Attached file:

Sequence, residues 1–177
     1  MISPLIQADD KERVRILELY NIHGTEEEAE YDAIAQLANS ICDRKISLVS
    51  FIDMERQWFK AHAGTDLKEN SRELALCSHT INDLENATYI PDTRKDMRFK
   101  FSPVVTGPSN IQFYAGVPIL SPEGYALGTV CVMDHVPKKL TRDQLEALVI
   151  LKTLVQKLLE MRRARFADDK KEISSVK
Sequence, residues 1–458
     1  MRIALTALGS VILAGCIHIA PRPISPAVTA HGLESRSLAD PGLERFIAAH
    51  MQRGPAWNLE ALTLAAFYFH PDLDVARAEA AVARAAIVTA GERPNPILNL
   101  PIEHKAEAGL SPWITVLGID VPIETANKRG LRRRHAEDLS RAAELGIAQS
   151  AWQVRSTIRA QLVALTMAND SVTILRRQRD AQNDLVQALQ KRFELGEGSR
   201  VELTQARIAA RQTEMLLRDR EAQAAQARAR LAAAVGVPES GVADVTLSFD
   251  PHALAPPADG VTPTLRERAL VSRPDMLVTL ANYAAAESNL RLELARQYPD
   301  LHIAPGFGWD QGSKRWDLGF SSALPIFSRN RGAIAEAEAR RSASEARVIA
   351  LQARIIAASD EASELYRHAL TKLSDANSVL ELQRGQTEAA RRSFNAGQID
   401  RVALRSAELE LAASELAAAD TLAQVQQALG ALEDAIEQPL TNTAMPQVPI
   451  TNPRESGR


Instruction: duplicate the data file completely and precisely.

Sequence, residues 1–177
     1  MISPLIQADD KERVRILELY NIHGTEEEAE YDAIAQLANS ICDRKISLVS
    51  FIDMERQWFK AHAGTDLKEN SRELALCSHT INDLENATYI PDTRKDMRFK
   101  FSPVVTGPSN IQFYAGVPIL SPEGYALGTV CVMDHVPKKL TRDQLEALVI
   151  LKTLVQKLLE MRRARFADDK KEISSVK
Sequence, residues 1–458
     1  MRIALTALGS VILAGCIHIA PRPISPAVTA HGLESRSLAD PGLERFIAAH
    51  MQRGPAWNLE ALTLAAFYFH PDLDVARAEA AVARAAIVTA GERPNPILNL
   101  PIEHKAEAGL SPWITVLGID VPIETANKRG LRRRHAEDLS RAAELGIAQS
   151  AWQVRSTIRA QLVALTMAND SVTILRRQRD AQNDLVQALQ KRFELGEGSR
   201  VELTQARIAA RQTEMLLRDR EAQAAQARAR LAAAVGVPES GVADVTLSFD
   251  PHALAPPADG VTPTLRERAL VSRPDMLVTL ANYAAAESNL RLELARQYPD
   301  LHIAPGFGWD QGSKRWDLGF SSALPIFSRN RGAIAEAEAR RSASEARVIA
   351  LQARIIAASD EASELYRHAL TKLSDANSVL ELQRGQTEAA RRSFNAGQID
   401  RVALRSAELE LAASELAAAD TLAQVQQALG ALEDAIEQPL TNTAMPQVPI
   451  TNPRESGR